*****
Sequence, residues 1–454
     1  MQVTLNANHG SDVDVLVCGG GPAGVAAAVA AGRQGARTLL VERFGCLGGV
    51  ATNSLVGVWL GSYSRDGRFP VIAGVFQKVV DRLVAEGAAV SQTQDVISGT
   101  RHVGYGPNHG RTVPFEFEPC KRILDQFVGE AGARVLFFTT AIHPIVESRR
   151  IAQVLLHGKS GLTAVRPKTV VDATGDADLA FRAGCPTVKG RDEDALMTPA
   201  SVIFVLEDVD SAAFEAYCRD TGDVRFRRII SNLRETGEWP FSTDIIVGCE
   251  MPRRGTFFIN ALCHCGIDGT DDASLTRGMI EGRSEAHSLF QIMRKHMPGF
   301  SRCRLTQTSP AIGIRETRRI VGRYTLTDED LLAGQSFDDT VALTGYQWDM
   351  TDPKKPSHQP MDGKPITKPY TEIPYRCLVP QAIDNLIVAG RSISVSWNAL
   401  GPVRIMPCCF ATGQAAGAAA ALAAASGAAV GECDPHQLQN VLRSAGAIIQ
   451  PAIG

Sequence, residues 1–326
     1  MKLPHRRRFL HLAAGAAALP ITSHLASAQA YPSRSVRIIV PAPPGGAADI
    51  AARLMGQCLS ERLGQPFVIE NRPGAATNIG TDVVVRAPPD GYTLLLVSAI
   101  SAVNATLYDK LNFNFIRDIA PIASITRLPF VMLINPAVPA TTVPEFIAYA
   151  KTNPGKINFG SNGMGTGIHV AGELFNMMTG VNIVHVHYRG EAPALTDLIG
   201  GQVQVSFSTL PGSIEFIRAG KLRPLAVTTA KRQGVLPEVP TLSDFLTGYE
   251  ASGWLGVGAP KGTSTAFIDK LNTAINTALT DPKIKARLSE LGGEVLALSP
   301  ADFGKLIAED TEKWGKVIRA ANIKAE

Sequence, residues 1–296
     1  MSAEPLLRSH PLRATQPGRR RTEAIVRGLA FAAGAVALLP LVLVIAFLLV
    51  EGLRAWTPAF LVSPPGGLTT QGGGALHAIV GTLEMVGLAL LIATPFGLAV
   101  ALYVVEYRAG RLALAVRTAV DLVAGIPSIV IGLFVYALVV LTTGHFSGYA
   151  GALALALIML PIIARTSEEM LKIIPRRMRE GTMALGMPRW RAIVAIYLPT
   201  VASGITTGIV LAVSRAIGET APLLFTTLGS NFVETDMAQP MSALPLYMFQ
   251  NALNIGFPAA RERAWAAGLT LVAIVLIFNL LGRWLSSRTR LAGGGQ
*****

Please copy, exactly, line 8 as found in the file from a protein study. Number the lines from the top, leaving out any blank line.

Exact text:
   301  SRCRLTQTSP AIGIRETRRI VGRYTLTDED LLAGQSFDDT VALTGYQWDM